| |

F1: So just who should have been swigging the fizz in Mexico?

Bryan Edwards

Hamilton won, Rosberg was second. Then it all got a bit muddled. Now the a third driver has been awarded third place. If the shoe fits...

Sebastian Vettel is rapidly becoming a nuisance in Formula One. It's hard to tell if it's because he's driving for Ferrari, because he's a multi-world champion, because he's formerly a Red Bull driver or because he's German, the end result is the same: he's a foul mouthed bully who clearly thinks he has some kind of divine right to any piece of track he chooses.

This season, he tangled with Red Bull driver Daniil Kvyat including an incident where Vettel was clearly at fault. Yet, after a heated exchange on the pit wall with Red Bull team principle, Christian Horner, watched Kvyat demoted to the sister Torro Rosso team. That didn't work out too well because the natural replacement at Red Bull was the young Dutchman Max Verstappen.

Verstappen has had his moments with Vettel's team-mate Kimi Raikkonen but the Finn has not been as voluble nor as threatening as Vettel. Verstappen has had his share of run-ins with other drivers due to his driving technique: he holds his line during the approach to corners, waits until a chasing car elects which side to go to try to overtake, then shuts the door. It is hard to see why there is such universal condemnation of this: he has never lost control of his car in the corner while doing this, unless someone has hit him from behind. His car control is prodigious - and I mean that in its true sense. What other drivers are actually complaining about is that he can change direction and brake later than them in the same corners and complaining that his tactic is unsafe is the best way to neutralise his advantage. And that, the FIA through Charlie Whiting, has done.

But that doesn't mean he has to give way: now he simply holds his line, making everyone take an unstable line around the bends if they want to try to overtake.

Vettel, after failing to pass him for several laps despite entirely inappropriate complaints into the radio that Verstappen was in his way (that's fine: they were racing for position) could not pass. Then Verstappen overshot a corner and came back on ahead of Vettel who spent the last four laps of the race screaming obscenities into the radio, even going so far as to tell Charlie Whiting, the chief FIA representative during Grand Prix weekends, to f*** off. Not a wise move and as one of Sky F1's commentators said, if he'd done that in almost any other sport, Vettel would have been penalised for bringing the sport into disrepute.

The stewards decided to investigate the events after the race. Verstappen was, therefore, not notified whether any penalty would be applied. He was, therefore, entitled to hold station and so he remained ahead of Vettel. But not only did he keep Vettel back, it also allowed the Red Bull team leader Daniel Ricciardo, to catch up to Vettel. That didn't please the German who adopted aggressive defence under braking into a chicane.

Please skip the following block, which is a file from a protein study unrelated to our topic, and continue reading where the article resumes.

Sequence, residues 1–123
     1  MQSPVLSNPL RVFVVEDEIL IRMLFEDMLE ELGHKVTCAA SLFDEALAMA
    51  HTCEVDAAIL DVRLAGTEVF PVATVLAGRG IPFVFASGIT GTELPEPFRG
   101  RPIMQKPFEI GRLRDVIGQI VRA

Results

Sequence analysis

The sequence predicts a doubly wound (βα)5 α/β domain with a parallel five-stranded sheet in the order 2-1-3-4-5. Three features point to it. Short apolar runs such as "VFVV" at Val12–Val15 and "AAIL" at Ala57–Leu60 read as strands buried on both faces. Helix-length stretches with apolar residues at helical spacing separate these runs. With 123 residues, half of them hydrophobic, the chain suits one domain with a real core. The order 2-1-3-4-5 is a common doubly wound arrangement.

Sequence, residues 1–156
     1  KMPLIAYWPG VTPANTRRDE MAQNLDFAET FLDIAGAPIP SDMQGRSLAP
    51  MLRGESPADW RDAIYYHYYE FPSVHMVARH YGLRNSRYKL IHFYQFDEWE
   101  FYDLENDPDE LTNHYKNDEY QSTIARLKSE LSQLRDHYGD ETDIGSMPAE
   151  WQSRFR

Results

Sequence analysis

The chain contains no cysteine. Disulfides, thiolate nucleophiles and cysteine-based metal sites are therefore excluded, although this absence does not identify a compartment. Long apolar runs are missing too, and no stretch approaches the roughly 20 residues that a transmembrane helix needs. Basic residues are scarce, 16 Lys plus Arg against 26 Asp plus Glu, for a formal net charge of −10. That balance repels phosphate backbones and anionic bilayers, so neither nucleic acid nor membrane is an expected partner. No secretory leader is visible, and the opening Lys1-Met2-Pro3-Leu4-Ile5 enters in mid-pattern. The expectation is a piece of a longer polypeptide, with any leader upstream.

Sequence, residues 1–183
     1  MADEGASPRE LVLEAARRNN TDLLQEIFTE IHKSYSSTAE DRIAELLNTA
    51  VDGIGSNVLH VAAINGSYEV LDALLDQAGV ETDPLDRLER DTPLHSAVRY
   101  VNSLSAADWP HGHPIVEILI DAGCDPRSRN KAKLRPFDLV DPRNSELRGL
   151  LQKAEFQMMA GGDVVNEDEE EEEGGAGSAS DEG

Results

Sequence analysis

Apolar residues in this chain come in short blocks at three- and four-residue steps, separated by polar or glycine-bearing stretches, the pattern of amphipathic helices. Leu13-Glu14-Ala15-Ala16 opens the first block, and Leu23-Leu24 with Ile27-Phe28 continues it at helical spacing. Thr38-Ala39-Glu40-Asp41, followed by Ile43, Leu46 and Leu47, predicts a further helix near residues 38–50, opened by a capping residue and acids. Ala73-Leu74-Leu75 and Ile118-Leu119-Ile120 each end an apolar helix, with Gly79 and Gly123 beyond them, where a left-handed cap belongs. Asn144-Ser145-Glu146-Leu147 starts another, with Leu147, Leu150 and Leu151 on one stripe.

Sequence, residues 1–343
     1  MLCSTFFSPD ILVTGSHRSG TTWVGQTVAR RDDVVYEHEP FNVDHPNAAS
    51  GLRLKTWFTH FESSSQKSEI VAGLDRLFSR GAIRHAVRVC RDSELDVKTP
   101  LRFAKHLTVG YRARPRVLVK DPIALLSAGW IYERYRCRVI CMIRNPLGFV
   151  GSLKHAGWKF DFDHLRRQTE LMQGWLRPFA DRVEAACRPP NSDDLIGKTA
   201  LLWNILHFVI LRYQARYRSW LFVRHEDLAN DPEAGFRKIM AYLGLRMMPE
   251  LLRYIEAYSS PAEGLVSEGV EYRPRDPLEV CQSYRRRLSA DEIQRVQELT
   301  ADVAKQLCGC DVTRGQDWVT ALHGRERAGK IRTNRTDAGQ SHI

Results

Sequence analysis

The effect was that the third, fourth and fifth place cars all finished within a little over four seconds.

Verstappen went to the cool-down room and Vettel went back to the pits. Then came an announcement that Verstappen had been awarded a five second penalty for leaving the track and gaining an advantage (i.e. keeping third place). He was unceremoniously escorted from the room and Vettel ran from the pits to the podium, which in Mexico are not close to each other. At the ceremony, therefore, Vettel was presented with third place and sat on the platform for the podium place interviews.

But it's not over until someone drinks from Ricciardo's shoe and not long afterwards, the stewards issued a penalty to Vettel for "moving under-braking." Biter bit: that's the offence that Charlie Whiting created in Austin just a week before because so many drivers, including Vettel, blamed Verstappen. His penalty was ten seconds.

Ricciardo's comments at F1.com (https://www.formula1.com/en/latest/headlines/2016/10/ricciardo--vettel-d...) are priceless.

So the final result (now everyone's gone home, it's final unless someone appeals to Paris), was Hamilton, Rosberg, Ricciardo, Verstappen, Vettel.

That means that Rosberg is now only 29 points ahead of Hamilton in the Championship. If he wins in Brazil in two weeks, Rosberg will sew up the championship. But if he has a bit of Hamilton's equipment failure bad luck and has either an DNF or finishes out of the points and Hamilton wins, then, as between those two, it will be "winner takes all" in Abu Dhabi as they will go into the race with Hamilton only four points ahead. This could yet turn into one of the closest championships ever.

If Hamilton wins in Brazil and Rosberg gets no points, Hamilton will be four points ahead at the last race. In Abu Dhabi, a Rosberg win and Hamilton P2 will give the German a three point lead at the end of the season. But, if they finish lower down the order, then the permutations become much more complicated.

1st : 25 points
2nd : 18 points
3rd : 15 points
4th : 12 points
5th : 10 points
6th : 8 points
7th : 6 points
8th : 4 points
9th : 2 points
10th : 1 point

For example, Rosberg P2 and Hamilton P3 in Abu Dhabi would give Hamilton the championship by one point. And if they move down the table in tandem, Hamilton's chances get better.